In addition to facing compatibility issues trying to implement the optimizations alongside the WooCommerce checkout, another thing that started bothering me was giving the control of enabling and disabling the optimizations to the user.
From the moment I conceived the idea of a WooCommerce plugin, I wanted it to be not only a channel to deliver the code but also a platform for store owners to understand the importance of UX in the checkout’s performance. Accordingly, all optimizations were disabled by default and near each control used by the user to enable the optimization, I included a ‘Why?’ link to a part of an article that explained the importance.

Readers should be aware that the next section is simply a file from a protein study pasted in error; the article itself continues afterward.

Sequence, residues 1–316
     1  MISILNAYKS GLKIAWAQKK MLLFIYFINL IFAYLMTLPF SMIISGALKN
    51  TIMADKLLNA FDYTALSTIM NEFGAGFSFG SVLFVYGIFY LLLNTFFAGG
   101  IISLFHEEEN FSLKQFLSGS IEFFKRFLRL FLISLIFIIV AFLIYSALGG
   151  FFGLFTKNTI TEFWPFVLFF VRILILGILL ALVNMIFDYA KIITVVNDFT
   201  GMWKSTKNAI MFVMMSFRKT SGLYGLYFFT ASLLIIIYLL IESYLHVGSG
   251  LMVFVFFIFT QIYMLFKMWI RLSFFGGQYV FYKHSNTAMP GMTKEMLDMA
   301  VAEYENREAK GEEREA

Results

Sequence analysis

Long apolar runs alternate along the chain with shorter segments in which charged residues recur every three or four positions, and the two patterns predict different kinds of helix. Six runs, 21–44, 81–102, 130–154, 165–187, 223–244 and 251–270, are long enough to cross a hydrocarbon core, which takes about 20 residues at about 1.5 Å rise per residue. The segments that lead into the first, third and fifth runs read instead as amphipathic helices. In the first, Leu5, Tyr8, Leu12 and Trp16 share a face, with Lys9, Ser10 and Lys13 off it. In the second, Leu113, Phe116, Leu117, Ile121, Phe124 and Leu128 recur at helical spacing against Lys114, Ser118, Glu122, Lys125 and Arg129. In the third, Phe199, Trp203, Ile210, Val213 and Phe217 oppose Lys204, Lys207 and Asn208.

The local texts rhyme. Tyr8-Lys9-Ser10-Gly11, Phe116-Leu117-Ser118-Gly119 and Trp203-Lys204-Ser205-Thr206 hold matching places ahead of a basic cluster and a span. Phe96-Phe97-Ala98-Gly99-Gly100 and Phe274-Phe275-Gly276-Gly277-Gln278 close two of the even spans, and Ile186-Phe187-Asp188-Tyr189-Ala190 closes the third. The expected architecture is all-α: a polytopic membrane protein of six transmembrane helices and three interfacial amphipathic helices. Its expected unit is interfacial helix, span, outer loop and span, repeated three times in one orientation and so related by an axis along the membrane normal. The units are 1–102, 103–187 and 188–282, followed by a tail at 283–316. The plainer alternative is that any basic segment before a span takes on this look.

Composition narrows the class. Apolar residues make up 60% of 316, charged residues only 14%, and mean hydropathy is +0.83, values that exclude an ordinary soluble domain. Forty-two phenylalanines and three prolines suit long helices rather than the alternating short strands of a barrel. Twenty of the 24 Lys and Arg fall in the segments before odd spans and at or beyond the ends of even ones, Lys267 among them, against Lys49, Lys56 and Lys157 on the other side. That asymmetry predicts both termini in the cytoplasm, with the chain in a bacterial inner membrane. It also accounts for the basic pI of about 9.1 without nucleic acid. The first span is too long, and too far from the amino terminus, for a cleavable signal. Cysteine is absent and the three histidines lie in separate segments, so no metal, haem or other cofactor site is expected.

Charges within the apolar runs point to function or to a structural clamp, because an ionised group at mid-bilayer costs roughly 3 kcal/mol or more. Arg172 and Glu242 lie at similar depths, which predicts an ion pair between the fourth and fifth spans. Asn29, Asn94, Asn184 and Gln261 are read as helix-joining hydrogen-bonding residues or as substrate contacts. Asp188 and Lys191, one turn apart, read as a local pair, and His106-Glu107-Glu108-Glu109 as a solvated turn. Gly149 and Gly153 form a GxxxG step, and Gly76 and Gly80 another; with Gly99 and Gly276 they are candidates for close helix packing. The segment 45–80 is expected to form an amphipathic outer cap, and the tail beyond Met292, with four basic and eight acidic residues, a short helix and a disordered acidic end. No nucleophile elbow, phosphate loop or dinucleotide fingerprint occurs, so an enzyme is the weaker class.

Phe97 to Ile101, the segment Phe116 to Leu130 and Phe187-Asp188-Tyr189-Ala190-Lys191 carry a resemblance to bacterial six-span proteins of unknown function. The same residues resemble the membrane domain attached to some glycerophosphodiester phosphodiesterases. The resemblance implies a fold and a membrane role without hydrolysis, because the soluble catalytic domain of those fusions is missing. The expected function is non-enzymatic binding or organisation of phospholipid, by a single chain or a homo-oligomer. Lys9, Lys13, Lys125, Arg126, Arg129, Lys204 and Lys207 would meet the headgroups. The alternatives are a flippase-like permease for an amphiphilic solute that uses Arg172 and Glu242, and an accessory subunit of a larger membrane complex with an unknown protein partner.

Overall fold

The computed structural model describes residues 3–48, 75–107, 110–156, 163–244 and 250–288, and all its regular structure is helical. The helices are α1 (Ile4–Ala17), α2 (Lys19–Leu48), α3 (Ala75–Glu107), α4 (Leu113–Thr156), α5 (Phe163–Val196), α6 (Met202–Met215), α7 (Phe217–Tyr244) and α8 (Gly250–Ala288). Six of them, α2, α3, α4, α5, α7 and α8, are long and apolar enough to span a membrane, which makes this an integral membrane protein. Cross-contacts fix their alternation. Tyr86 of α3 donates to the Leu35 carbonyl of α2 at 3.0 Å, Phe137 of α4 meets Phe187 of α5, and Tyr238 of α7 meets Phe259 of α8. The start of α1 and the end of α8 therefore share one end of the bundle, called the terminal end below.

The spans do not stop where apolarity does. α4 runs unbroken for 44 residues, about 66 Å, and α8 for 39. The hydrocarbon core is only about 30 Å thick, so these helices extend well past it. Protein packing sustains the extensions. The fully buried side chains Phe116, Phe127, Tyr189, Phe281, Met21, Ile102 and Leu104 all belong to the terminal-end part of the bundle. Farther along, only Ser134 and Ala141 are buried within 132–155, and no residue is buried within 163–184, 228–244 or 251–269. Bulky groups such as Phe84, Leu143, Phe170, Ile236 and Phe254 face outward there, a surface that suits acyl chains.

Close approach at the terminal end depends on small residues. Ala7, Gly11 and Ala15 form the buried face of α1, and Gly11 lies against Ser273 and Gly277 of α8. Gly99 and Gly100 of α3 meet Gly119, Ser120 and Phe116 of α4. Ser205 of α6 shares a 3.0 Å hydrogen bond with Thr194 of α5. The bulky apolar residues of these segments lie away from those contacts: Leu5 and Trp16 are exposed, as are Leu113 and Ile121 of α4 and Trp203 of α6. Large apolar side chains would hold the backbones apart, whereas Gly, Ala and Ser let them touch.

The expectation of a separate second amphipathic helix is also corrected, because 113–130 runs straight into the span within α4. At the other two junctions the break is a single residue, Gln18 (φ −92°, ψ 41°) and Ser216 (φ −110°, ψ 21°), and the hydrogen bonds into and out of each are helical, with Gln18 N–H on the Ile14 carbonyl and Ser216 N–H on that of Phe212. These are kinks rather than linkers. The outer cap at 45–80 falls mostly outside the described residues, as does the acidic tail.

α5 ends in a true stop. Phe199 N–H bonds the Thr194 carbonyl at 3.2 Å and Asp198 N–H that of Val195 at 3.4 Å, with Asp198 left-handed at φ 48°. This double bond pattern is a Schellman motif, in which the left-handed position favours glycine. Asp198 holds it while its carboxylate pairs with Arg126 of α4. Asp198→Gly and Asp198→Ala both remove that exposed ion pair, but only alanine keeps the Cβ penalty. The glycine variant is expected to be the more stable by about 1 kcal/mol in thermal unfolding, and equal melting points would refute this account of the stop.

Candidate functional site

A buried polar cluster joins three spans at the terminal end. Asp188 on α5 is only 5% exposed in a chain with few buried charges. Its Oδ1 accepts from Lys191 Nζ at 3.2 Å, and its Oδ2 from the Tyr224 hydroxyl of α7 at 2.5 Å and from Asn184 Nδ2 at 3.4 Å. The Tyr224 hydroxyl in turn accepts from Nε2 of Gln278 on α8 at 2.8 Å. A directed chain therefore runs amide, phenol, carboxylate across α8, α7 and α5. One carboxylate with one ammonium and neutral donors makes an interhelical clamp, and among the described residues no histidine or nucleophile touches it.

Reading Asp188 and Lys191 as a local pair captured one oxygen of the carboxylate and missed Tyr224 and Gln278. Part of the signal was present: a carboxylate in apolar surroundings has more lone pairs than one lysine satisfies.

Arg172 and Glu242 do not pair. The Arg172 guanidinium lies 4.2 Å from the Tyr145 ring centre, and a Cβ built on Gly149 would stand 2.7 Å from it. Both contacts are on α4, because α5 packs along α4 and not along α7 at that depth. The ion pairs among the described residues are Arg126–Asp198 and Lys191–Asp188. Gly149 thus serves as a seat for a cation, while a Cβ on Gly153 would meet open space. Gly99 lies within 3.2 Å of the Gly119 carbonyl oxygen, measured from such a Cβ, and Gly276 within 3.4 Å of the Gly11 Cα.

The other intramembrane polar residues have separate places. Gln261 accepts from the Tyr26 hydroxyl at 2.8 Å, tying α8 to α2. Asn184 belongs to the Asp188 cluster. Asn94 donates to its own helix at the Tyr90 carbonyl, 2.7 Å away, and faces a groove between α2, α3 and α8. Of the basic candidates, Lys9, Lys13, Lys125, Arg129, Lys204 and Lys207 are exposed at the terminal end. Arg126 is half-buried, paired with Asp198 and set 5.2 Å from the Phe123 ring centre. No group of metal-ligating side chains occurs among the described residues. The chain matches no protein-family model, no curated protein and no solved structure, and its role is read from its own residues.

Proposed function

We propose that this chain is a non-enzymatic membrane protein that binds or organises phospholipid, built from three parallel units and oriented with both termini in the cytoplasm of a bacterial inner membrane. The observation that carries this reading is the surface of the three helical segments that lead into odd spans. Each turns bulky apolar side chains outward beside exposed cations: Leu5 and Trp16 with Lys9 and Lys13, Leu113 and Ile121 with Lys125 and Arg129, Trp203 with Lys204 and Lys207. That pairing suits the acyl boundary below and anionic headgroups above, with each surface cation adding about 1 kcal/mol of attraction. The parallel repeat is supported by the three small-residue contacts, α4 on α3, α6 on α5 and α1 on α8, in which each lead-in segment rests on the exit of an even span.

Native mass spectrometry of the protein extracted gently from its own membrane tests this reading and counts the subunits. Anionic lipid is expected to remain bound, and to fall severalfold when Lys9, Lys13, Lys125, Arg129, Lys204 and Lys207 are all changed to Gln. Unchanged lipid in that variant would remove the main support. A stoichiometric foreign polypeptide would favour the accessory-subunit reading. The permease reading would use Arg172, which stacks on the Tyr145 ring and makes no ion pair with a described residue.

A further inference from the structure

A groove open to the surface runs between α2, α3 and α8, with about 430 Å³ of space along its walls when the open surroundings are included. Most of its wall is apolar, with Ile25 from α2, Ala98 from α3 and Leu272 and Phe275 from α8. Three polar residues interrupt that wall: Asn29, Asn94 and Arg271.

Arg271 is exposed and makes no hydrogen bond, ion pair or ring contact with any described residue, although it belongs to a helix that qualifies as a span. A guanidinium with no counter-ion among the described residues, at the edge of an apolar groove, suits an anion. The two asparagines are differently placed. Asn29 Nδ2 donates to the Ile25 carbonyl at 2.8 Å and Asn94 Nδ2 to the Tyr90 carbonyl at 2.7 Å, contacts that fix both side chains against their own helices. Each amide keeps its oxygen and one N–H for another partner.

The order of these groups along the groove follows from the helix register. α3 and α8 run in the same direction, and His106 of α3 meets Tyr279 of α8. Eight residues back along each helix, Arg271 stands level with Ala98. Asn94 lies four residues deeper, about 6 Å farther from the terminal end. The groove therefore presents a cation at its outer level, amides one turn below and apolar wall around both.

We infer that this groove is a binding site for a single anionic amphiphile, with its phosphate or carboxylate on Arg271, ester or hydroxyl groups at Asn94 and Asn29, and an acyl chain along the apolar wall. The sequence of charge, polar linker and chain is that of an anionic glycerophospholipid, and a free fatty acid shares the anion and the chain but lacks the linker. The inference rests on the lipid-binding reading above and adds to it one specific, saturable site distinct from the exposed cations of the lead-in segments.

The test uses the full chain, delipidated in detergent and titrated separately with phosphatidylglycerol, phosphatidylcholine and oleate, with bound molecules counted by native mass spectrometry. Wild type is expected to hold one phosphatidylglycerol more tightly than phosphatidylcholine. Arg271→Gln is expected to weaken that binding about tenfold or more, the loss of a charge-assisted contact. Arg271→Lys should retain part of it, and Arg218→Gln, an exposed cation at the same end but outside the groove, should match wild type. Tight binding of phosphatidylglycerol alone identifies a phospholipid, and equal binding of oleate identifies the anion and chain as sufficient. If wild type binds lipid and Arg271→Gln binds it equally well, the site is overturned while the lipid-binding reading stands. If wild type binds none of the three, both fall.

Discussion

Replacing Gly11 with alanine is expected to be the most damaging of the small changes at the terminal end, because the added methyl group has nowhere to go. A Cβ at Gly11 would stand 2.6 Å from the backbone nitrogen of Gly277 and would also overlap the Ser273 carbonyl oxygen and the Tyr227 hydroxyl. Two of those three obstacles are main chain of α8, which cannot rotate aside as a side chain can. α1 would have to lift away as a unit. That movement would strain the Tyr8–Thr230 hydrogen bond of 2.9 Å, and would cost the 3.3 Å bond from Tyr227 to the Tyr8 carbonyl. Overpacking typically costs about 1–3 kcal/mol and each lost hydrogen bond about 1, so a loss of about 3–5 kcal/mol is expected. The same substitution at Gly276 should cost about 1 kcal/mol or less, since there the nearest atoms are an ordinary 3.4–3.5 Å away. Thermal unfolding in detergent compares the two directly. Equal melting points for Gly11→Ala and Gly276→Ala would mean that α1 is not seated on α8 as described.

Looking back, I saw that it was a big ask from my side for the users to get acquainted with the ‘Why’ behind each optimization and then choose the ones they wanted to enable. Plus, just the number of options meant that users had to take that many decisions before they can see the plugin in action. And when presented with a lot of decision-making, we would rather abandon it than take the time and effort, especially when we are yet to understand the offered value.
Read on to know more about what happened next and the subsequent Shelving of the project. 🙁